Handling your finances is also tied to this life area, because it determines how much money you end up having.

The focus of your professional life is money.

Examples of things that fall under this life area are: business skills, marketing, customer service, professional skills, business projects, productivity, organization, professional competence.


Any activity you do that is intended for relaxation, refreshment and pleasure falls under this life area.

The focus of recreation is fun.

Examples of things that fall under this life area are: reading novels, watching movies, playing video games, going on holiday, stamp collecting, painting, getting a massage, sports.


Anything related to your body and its well-being falls under this life area.

The focus of your physical life is health.

Examples of things that fall under this life area are: dieting, nutrition, exercise, hygiene, body-building, stamina, strength training.

The importance of each life area, and how it relates to other life areas will be covered in future posts. Use the explanations above when trying to categorize your activities, reading list, projects, etc. to ensure that you are paying attention to every life area, without neglecting any area of your life.

13 replies on “Understanding the Seven Life Areas”

Thanks a lot, Grover.

I hope you’ll continue to read valuable posts around here! πŸ™‚

Thanks, Arsh. πŸ™‚

Your hobbies would be Recreational, since they are done for fun.

Having said that, hobbies can easily help you overlap life areas. For example, you might join a reading club, in which case it becomes Recreational and Social (and if the books are any good, Intellectual :P).

You can turn your love for DIY into a community project to help the less-privileged, making it a Spiritual, as well as a Recreational activity.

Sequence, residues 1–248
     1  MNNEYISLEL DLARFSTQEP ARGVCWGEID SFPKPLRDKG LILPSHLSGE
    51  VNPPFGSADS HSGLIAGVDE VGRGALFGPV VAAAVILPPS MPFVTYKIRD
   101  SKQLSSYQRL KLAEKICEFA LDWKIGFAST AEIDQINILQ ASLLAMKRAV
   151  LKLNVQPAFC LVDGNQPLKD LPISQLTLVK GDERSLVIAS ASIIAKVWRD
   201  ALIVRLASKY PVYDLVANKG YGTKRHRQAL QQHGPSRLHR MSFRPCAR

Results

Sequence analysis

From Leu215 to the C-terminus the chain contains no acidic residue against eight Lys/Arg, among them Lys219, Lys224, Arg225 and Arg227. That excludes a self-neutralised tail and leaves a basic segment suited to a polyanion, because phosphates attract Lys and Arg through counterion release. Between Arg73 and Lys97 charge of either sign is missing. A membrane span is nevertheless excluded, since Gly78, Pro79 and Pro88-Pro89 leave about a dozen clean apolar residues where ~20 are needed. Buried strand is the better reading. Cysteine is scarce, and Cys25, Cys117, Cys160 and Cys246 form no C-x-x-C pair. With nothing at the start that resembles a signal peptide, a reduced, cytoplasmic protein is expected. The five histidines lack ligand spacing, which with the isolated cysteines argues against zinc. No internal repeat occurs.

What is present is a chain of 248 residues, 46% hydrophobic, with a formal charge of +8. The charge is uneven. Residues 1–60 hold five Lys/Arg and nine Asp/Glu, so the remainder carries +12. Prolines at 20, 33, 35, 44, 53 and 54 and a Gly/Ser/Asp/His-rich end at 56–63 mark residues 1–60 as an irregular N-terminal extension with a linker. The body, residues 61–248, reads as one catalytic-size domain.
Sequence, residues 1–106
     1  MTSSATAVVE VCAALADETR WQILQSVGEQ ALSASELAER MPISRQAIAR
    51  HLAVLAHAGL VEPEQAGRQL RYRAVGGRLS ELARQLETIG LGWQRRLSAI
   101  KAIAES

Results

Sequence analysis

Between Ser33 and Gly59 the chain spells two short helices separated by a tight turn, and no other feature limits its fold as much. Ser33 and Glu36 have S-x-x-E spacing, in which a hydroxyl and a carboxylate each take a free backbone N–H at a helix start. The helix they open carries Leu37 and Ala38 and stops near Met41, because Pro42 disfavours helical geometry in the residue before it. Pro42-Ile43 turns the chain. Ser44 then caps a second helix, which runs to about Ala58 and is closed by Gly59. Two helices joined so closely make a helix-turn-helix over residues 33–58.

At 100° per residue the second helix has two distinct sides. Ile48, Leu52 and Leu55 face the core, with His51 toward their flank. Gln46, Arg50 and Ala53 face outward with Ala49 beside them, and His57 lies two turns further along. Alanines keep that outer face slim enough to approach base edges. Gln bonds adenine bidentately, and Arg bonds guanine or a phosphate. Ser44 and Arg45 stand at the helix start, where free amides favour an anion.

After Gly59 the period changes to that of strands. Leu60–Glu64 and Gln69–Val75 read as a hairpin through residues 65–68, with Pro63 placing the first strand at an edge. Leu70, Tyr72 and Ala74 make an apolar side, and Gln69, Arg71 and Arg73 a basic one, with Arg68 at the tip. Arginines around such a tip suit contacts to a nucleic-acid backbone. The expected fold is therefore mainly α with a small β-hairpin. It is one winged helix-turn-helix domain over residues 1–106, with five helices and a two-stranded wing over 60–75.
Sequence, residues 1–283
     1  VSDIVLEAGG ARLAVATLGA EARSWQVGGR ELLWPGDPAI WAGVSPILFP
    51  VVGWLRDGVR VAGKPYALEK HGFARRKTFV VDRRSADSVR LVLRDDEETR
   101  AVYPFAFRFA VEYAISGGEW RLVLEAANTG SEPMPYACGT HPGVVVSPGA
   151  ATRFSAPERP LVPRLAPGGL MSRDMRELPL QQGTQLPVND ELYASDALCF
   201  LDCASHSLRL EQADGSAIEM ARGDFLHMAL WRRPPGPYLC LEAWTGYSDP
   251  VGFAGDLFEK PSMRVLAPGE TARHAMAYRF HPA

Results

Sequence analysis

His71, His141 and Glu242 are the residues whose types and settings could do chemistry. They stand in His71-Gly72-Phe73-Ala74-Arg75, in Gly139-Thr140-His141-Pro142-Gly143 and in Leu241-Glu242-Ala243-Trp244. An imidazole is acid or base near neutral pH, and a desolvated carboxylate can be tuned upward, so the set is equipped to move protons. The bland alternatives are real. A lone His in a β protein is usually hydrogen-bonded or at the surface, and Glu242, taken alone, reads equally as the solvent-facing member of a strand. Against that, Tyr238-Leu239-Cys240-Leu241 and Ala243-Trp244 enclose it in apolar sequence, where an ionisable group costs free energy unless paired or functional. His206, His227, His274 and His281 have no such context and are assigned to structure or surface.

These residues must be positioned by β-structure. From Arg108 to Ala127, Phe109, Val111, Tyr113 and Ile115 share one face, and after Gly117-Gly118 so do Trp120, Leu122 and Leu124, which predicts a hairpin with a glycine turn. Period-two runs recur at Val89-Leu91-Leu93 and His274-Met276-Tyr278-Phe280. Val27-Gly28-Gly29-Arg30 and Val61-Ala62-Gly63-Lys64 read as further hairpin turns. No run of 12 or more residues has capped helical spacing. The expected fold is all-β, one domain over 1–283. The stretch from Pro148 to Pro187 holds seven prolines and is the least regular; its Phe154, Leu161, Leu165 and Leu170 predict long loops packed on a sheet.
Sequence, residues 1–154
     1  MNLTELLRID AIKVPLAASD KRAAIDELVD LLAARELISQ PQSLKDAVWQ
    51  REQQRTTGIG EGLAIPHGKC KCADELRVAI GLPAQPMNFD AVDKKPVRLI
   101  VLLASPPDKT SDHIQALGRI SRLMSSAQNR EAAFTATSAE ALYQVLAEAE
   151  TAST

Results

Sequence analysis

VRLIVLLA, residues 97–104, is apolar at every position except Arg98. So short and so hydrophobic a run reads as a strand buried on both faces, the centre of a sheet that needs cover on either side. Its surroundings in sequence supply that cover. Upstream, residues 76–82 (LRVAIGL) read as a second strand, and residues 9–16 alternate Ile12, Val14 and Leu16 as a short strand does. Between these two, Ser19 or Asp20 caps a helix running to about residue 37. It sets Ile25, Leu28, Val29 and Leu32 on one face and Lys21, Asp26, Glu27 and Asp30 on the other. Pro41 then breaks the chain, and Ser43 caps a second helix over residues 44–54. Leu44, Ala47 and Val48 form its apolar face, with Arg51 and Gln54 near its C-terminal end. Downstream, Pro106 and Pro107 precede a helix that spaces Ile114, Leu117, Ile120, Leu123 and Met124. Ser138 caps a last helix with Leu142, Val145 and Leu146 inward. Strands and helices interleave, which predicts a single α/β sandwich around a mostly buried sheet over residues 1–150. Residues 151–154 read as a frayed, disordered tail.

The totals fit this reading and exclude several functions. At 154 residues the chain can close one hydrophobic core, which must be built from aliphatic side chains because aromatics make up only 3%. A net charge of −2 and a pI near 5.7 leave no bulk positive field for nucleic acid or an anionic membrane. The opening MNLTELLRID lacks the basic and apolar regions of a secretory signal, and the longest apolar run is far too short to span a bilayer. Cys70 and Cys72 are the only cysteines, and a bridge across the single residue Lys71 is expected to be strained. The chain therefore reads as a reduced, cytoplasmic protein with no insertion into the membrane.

The possibilities for overlapping life areas (and, therefore, making life balance much easier to accomplish) are endless. πŸ™‚

Hi Haider

Thanks for the comment. I really enjoyed your site and spent some time today sorting out some stuff.

Coming to hobbies, I have a slight issue with putting hobbies under recreational. For example, my hobbies are photography and hiking. For recreational purposes I love my PS3 gaming. So if I put photography, hiking and PS3 under same category, I will probably choose PS3 most of the time (since it’s the easiest option) rather than getting out and taking pictures or going for a hike!! Anyway, it’s just something personal to me and as long as I’m aware of the issue, I should be able to use some discipline.

Well, Arsh, you can put “hiking” under the Physical life area, and count that as part of your exercise routine.

You can then schedule time for PS3 and time for photography, based on your energy level and the other activities that surround it.

As a suggestion, you might want to play PS3 after running some errands and go out to take some pictures when you’ve been working at home and need some fresh air.

There will always be several options of how you can advance in each life area, and it’s up to you to choose what option to go for and when.

Glad you’re enjoying the site and wish you all the best. πŸ™‚

Thanks again. For daily recreation after work, I will probably stick to PS3 and on the weekends, I can do photography and hiking.